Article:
Christianity, though still a minority, has quite a presence in Cochin due to  the Portuguese influence. Cochin was certainly the most Christian town we had visited since we left the American Southwest.  In fact, we saw quite a few people sporting a cross on their heads, drawn between the eyes with bright colored powder, in much the same way we have seen Hindu Indians wearing a colored dot between the eyes. A fascinated meld of religious practices.

We then wheeled south and found ourselves on the busy main road, which took us across a bridge and into Ernakulam. At the entrance to Ernakulam we found a giant repository of cut wood, each piece bearing unique markings.

Any speculation as to the details of this system is welcome in the comments.

Ernakulam proved busy and boisterous, jam packed with all manner of motorized vehicles, all honking and revving their way around one another. By this point in the trip, though, we were becoming quite at home amidst the chaos. We were learning the vocabulary and the rhetoric of the road, giving way and taking way, signaling our intent, and ringing our bells relentlessly.

We called a waypoint at a Vodaphone shop, where I was to get a SIM card. We locked the bikes and I went inside while Scott was to take a stroll. The Vodaphone people we extremely friendly, and a fellow there by the name of Vinil helped me to gain and activate my SIM despite some complicated rules that would otherwise have necessitated a stay in Cochin of at minimum one week.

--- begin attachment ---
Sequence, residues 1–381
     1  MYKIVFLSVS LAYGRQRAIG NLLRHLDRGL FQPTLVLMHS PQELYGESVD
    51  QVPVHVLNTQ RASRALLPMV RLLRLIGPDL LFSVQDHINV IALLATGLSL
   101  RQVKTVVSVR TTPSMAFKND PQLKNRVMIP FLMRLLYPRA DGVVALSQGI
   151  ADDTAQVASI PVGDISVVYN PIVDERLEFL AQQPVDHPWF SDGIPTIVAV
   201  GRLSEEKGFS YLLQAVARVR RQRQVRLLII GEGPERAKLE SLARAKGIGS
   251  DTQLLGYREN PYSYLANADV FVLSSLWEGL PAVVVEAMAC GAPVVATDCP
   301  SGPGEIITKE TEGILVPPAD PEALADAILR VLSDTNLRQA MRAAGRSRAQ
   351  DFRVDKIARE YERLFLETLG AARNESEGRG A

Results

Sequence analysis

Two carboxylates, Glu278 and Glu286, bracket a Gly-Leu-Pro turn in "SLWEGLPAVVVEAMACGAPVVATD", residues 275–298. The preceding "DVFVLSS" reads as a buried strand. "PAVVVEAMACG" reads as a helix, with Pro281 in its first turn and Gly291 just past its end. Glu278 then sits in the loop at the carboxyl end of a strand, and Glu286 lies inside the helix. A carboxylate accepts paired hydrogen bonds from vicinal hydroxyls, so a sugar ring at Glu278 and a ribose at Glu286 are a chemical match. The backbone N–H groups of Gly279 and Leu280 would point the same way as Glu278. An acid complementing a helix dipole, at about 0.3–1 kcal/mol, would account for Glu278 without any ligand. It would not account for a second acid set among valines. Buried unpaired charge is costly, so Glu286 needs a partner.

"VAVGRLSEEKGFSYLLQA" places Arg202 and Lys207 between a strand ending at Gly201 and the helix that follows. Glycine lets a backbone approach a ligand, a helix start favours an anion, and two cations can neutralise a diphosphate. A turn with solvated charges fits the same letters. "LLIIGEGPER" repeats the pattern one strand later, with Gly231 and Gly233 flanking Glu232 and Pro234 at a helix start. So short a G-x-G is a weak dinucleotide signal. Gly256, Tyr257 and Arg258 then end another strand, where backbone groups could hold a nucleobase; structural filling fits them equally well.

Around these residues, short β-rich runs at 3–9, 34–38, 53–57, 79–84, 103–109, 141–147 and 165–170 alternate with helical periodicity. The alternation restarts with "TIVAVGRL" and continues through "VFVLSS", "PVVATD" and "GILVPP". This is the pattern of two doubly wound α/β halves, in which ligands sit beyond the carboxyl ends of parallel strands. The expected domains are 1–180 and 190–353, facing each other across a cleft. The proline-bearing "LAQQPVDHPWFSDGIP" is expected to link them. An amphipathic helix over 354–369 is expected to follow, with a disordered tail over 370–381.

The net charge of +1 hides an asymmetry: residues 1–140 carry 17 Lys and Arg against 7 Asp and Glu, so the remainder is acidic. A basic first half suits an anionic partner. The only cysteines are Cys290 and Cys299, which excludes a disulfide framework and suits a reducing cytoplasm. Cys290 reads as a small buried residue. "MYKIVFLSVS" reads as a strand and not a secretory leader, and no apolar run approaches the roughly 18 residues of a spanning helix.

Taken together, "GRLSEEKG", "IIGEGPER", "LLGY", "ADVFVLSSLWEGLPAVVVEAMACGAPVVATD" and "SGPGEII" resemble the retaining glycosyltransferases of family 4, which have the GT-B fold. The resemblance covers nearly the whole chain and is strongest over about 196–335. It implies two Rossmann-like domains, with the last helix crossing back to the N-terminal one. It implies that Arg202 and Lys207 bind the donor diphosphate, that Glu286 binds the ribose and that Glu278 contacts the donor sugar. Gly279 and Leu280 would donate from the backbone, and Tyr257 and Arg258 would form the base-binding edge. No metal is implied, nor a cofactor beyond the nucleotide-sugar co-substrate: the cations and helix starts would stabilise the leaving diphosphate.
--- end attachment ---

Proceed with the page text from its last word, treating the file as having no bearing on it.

We were just getting to the final steps of the deal-making process when a security guard came in breathless, and informing me that our cycles were locked in an illegal spot. I came outside to find that Scott, lacking the key to unlock the cycles, had undone the latches and begun to actually fold the Speed TRs in such a way as to allow entry to the parking space that we had blocked, effectively wrapping the bikes around a railing, still leaving the rear wheels locked to a nearby pole.

This acrobatic, of course, attracted a large crowd, and he was now handling inquiries from a diversity of personnel — from passers by, to Vodaphone security, to the Vodaphone manager who had just managed to squeeze his car into its spot. All was made well, and a fair bit of head wobbling later, we were back on the road.

We ate lunch at a kind of point-and-eat restaurant that served food on large square trays, something like what one might find in a middle school cafeteria.

We spent the rest of the afternoon wheeling our way up and around Ernakulam, past the port and a sprawling but perpetually closed city park.

Back in Cochin, we retired to our chambers at the Vasco Homestay, giving our best regards to the owner, and settling in for a bit of well deserved relaxing.

Flipping through the newspaper and finding a particularly curious listing of commodity rates, we marveled at how trade had tamed since the days of the gruesome Vasco da Gama.  Settling down for the evening, we slumbered under the very roof in which he shuffled off this mortal coil.


  1. jakie bercoits | October 30th, 2010 | 8:02 pm

    okay for the ‘celebration of time’ i have to be vasco da gama and give a short speech and dress up as him, witch wont be the easyist thing to do and most of my inspiration for my speech was from this site

    jakie bercoits

  2. Madi egbert | November 2nd, 2010 | 6:42 pm

    I was just looking up a picture of vasco da gama to see if he has a fro and apperantly he has a little so thjis will be great! tyhnx guys (photographrs of da gama…) :)!

  3. Madi egbert | November 2nd, 2010 | 6:44 pm

    Like i have t dress up as him for a report my report is 4 pages long ! yah I am an author!… so thnx this site it helped me tons!

  4. mahal | December 7th, 2010 | 4:20 am

    wow i like it..